For all asyncronous integrations we use our own message service "ms4p". It origins back in 2001, is implemented by an mbean-based stack and has a transport protocoll abstraction layer similar to jgroups (protocol stack with low level for legacy integration TCP/UDP/FileTransfer etc., remote side is often not java based). It implements XASessions, but back in 2001 there was no JCA 1.5, and w/o an inflow contract we did not use JCA integration at all. So there:

  1. is no pool
  2. application (local slsb) has to enlist()
  3. application cannot close() the jms session (neither does the container, so it depends on the garbage collector :-()
Now I wan't to get rid of these shortcommings, and I am analysing who has to enlist/close etc. That's where my questions come from. BTW: if your JMSJCA adapter would allow integration into a closed source environment (license-wise), I'd be very interested in giving it a try. The least thing our company does for the open source world is giving feedback and sharing experience and bug-fixes.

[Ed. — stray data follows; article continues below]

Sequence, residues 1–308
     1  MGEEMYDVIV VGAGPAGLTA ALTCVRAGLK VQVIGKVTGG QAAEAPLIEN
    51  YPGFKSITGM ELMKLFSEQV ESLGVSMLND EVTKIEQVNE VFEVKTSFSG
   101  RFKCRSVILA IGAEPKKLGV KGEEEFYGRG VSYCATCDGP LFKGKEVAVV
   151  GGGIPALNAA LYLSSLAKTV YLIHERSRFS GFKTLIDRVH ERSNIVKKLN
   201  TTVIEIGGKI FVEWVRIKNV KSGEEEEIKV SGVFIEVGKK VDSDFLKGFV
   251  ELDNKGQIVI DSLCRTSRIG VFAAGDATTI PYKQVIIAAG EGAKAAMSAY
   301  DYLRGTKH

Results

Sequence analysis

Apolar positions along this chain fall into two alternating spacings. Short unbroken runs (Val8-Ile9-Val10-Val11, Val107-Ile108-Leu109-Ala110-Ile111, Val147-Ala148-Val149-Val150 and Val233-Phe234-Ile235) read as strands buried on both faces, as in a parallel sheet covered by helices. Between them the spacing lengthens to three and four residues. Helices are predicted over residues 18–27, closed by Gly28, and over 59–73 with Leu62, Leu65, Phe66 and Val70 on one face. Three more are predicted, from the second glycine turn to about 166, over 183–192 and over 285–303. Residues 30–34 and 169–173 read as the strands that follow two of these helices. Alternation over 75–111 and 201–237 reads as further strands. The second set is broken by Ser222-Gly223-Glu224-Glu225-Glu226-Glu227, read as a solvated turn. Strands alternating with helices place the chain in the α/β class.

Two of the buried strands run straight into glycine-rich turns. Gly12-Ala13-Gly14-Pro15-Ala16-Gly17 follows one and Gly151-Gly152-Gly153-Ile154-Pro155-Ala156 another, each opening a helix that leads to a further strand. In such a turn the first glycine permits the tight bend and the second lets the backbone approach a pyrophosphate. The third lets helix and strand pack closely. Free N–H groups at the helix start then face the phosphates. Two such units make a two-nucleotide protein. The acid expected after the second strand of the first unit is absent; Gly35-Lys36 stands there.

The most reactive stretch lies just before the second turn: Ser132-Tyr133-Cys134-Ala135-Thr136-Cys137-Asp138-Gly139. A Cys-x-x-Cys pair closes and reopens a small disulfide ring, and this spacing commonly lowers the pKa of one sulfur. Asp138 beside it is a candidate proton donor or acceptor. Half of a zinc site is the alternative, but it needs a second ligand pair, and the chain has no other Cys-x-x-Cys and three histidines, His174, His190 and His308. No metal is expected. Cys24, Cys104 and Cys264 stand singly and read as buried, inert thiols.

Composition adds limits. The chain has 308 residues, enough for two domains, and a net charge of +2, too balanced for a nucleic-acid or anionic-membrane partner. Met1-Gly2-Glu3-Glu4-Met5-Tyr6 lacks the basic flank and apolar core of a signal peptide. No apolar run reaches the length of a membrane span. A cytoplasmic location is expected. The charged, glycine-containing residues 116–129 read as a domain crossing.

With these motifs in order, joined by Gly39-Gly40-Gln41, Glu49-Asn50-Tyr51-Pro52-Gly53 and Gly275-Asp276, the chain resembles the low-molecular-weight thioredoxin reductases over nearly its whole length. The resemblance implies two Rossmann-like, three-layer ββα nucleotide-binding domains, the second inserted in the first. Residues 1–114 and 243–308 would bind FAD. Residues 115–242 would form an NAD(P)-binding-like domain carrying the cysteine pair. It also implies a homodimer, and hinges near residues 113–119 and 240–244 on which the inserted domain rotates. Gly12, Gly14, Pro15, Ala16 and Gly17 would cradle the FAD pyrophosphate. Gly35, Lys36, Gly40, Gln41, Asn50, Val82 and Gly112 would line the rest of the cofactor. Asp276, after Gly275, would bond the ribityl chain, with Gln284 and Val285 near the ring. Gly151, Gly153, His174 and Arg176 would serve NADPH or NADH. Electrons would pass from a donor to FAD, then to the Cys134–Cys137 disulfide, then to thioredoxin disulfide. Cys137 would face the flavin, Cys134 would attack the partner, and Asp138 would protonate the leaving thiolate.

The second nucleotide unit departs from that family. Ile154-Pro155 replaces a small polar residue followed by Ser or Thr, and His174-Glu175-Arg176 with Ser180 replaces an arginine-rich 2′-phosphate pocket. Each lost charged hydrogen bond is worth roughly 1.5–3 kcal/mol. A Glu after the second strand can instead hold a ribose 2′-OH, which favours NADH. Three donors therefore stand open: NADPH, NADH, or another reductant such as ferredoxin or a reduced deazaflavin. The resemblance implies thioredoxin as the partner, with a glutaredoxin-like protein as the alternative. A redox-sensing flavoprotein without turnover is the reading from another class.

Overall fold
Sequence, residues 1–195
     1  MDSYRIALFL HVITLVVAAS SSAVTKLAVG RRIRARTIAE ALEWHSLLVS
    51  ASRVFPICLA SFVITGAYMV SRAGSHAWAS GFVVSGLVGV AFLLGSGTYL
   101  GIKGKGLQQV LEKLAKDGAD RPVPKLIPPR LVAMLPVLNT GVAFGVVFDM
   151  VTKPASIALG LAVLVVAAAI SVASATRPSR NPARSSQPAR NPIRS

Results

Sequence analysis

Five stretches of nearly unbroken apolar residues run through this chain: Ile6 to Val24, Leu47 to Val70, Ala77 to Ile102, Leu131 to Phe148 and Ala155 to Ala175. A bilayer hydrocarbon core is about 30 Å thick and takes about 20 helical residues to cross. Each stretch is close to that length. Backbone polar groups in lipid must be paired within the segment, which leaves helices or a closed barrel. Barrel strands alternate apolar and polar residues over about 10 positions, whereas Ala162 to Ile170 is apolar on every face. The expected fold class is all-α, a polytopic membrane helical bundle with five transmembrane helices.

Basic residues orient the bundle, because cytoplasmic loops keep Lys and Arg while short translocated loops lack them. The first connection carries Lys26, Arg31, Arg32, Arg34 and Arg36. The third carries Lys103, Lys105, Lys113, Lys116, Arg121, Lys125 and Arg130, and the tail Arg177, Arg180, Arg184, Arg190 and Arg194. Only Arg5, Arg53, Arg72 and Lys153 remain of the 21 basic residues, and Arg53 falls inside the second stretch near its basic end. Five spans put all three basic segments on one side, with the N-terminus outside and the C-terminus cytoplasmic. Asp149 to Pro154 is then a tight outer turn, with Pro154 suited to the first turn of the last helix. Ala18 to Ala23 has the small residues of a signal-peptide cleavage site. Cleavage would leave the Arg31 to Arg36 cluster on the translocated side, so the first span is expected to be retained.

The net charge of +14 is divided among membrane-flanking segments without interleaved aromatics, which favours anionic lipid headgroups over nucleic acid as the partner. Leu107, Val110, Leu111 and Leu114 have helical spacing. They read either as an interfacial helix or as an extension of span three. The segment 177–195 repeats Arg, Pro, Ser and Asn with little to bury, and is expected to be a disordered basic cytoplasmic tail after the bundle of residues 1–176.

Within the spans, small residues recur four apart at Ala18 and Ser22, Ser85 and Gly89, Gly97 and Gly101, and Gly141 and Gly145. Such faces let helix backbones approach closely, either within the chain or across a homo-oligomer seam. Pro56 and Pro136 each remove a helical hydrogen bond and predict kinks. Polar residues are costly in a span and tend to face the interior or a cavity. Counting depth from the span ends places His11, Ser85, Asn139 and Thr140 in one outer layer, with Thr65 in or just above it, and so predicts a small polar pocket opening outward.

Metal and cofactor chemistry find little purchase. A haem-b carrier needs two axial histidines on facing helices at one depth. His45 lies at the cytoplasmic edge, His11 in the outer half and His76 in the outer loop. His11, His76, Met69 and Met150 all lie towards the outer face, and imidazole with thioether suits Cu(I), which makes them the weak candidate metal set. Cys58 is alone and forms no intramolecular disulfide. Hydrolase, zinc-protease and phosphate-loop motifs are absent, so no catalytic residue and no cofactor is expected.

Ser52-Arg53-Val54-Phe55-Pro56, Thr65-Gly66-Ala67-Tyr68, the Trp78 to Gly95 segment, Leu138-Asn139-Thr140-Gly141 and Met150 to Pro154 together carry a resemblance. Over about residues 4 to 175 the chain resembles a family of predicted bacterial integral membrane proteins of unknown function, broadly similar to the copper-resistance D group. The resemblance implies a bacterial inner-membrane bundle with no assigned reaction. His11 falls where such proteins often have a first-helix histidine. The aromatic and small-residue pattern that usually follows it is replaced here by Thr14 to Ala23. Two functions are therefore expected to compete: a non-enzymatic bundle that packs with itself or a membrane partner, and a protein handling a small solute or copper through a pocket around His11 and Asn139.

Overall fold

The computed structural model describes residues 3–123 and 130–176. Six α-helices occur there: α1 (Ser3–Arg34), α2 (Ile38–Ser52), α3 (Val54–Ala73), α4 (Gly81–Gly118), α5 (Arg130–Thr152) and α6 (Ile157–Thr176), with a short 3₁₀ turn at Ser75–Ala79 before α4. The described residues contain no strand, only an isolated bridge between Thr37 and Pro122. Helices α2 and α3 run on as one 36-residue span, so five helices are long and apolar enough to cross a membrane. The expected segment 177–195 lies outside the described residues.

There are a lot of not JMS based integrations, too. I did mention our FTP client, which is JCA based (but not transacted). There are a lot of interfaces, where we have to set digital signals etc., which will fit into the JCA paradigm, too.

King regards,

Michael Bartmann

Posted by Michael Bartmann on October 28, 2006 at 07:09 PM PDT #

Hi Michael,